The last decades have seen ingenious applications of the launch techniques: curved decks with tight radius, decks launched over arches, cable-stayed decks launched symmetrically from the opposite abutments for midspan closure or cast on temporary supports and rotated into position, and continuous decks launched over temporary piers and suspended from pylons or tied arches on launch completion.
The technological maturity of incremental launching opened new perspectives for monolithic handling of heavy and ultra-heavy structures. Although incremental launching is still the most common of these construction methods and its evolution has influenced the development of the others, monolithic launching, symmetrical launching, rotation and jacking and skidding have acquired their own role for specific applications. From the 1970s on, hundreds of bridge decks have been lifted, lowered, rotated, launched or skidded all over the world.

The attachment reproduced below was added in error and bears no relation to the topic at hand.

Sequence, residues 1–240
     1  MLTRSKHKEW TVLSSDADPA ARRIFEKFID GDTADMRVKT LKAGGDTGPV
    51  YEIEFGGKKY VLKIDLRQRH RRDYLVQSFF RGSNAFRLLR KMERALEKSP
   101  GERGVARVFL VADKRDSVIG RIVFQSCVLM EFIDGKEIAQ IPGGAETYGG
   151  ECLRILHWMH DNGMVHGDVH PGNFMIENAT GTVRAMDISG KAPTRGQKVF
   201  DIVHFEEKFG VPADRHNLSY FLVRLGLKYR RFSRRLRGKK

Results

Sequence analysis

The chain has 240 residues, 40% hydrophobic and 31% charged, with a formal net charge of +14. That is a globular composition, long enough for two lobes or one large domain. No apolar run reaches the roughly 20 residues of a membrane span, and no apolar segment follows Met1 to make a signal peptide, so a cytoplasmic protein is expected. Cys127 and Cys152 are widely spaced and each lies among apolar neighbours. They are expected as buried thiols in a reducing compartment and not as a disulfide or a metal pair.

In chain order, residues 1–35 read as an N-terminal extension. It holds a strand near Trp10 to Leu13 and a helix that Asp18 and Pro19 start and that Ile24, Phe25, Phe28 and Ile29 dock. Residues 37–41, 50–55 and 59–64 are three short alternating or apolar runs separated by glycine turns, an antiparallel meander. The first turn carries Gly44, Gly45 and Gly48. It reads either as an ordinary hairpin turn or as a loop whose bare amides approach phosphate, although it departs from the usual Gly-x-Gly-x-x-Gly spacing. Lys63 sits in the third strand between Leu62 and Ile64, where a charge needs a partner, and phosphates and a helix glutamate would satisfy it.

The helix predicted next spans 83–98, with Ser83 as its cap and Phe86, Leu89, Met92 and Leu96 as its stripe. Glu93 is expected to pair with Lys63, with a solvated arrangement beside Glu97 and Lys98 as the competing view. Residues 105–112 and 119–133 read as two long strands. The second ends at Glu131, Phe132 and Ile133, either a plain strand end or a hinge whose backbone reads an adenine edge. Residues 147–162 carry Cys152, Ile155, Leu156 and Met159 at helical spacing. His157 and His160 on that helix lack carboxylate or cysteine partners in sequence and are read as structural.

In the field of steel constructions, a better knowledge of instability and the commercial availability of high-grade steels with reliable mechanical properties have led to lighter steel girders that are easier to launch. Non-stiffened webs are used to maximize robotized welding with profile-tracking equipment, and control of web buckling required improvements in the launch bearings. Light launch noses and specialized systems for transfer of the thrust force are also available.